Commit 05b32105 authored by Mason Johnson's avatar Mason Johnson

website update

parent 98c9e117
Pipeline #791 passed with stages
in 1 minute and 2 seconds
......@@ -4,30 +4,89 @@ For our last day, we're going to turn the Micro:bit into a plant watering sensor
## Understanding the Sensor
The moisture sensor you were sent in your kit is called a _capacitive_ moisture sensor.
The moisture sensor you have in your kit is called a _capacitive_ moisture sensor. It can sense _relative_ moisture of the environment it is placed in. Let's learn a little bit about how it works!
### How It Works
Our capactive moisture sensor works by measuring the ability of whatever material it is placed in to hold a charge. The ability of a material to hold an electrical charge is called that material's _permittivity_. Water is able to store a charge really well, so it has a high _permittivity_, while soil and air are not able to store a charge very vell and have a low _permittivity_.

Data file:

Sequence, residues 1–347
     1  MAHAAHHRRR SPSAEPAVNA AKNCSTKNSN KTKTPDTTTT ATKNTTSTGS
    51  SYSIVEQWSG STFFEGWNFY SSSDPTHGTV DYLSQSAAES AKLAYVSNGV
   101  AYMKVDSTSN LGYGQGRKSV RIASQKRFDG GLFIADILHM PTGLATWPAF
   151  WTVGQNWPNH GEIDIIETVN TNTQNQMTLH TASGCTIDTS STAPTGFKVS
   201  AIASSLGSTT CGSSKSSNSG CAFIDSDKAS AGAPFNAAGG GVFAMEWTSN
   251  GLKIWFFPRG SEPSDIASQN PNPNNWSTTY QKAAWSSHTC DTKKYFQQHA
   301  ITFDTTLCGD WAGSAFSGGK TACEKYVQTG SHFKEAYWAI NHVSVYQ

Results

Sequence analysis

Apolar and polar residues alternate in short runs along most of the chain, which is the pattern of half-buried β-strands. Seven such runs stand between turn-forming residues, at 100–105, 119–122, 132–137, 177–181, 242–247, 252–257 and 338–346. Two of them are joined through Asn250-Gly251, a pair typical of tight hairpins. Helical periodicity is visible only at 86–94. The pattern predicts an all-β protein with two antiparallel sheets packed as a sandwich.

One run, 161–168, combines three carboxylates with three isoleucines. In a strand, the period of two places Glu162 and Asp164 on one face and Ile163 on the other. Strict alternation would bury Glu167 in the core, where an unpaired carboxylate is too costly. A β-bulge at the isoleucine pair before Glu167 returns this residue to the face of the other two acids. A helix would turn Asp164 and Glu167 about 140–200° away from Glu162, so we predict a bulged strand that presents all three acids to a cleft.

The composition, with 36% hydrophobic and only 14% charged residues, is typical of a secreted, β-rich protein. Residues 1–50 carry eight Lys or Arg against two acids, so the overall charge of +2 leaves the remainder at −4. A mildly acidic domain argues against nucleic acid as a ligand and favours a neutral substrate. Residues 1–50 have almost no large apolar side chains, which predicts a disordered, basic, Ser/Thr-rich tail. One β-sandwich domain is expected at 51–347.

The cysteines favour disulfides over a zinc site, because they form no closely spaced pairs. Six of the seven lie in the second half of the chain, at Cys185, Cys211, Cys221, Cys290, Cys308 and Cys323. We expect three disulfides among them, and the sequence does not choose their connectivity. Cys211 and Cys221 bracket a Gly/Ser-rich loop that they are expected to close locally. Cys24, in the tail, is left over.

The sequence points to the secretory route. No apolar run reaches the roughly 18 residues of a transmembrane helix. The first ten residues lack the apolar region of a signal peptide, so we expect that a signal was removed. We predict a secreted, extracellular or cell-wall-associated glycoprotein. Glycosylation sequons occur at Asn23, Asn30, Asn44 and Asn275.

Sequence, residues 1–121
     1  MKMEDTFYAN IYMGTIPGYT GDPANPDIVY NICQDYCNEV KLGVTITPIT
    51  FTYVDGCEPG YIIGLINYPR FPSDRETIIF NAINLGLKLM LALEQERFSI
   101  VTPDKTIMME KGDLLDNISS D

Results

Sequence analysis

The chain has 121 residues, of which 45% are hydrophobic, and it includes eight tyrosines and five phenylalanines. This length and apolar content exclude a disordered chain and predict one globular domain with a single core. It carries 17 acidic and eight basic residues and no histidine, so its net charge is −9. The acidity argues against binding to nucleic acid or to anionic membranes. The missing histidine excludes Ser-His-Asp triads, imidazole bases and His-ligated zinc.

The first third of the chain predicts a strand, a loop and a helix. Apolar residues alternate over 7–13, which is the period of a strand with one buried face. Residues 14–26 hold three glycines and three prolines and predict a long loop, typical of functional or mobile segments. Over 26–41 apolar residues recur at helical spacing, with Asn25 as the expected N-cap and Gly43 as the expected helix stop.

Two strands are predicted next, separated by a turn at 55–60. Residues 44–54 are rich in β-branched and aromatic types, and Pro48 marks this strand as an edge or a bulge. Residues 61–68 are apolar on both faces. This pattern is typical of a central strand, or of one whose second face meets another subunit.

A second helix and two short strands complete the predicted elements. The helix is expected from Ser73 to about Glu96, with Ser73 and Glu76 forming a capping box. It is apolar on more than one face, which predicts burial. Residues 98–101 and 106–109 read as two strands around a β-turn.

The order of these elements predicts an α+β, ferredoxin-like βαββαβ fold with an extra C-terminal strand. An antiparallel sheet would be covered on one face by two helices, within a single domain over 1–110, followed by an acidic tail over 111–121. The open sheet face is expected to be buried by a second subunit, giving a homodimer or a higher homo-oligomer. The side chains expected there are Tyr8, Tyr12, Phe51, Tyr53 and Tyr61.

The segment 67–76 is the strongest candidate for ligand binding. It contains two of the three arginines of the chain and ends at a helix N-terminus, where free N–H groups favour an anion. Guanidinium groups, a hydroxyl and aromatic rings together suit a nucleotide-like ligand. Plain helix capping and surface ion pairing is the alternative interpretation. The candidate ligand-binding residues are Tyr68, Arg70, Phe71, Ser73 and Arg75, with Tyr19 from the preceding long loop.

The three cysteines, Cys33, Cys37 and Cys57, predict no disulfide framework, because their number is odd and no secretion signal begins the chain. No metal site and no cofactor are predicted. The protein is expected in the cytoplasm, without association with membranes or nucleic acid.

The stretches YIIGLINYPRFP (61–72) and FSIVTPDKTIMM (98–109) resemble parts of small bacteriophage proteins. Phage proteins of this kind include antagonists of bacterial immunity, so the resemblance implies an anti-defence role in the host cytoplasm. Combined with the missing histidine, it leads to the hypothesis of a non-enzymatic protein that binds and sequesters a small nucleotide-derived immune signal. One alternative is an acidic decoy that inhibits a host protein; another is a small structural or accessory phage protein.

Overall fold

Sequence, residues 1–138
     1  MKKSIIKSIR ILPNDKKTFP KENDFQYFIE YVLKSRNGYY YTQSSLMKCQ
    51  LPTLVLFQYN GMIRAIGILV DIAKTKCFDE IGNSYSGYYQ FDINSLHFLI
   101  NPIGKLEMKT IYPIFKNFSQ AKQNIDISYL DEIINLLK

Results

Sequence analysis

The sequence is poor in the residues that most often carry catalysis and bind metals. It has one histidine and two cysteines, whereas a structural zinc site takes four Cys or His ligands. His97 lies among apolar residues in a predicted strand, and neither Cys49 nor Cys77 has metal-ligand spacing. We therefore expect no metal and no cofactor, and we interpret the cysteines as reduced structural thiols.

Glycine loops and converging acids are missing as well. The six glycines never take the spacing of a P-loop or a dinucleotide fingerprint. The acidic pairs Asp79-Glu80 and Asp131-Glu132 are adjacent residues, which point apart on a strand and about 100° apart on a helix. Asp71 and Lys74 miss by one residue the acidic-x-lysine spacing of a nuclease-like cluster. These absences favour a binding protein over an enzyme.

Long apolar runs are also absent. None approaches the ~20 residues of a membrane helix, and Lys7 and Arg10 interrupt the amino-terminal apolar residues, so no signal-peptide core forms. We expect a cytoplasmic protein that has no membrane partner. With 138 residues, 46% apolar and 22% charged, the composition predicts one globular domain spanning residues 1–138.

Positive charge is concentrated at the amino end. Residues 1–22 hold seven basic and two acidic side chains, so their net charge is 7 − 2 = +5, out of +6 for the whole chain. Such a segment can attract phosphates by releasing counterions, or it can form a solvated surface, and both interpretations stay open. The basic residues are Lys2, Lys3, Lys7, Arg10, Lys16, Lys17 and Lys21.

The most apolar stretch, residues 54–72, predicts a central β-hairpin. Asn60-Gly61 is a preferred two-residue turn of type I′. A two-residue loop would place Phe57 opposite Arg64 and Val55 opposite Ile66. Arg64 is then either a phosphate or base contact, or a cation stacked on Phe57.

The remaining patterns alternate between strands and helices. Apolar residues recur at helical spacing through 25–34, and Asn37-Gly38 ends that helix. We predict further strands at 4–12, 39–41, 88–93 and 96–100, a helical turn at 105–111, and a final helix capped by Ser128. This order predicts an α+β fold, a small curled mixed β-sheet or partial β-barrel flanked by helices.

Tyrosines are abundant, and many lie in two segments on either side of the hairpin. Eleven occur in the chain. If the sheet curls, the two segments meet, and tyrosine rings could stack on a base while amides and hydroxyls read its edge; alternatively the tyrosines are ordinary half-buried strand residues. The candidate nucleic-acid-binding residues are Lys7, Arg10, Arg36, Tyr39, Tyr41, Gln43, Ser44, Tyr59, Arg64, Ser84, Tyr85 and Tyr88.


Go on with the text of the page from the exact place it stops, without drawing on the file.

If we start with dry soil and low permittivity, and then add water to the soil, the permittivity of the water and soil mixture increases! So, as the proportion of water and soil changes, the values our sensor reports also change.
### Reading Data
Yesterday we talked about digital versus analog signals. This moisture sensor gives us an **analog** signal. Remember that analog signals convey information by increasing and decreasing the amount of power that can flow through a circuit and that the Micro:bit translates the amount of power it is detecting into a number from 0 to 1023, with 0 being no power and 1023 being the maximum power it can detect.
Let's connect the sensor to the Micro:bit and see if we can read a value!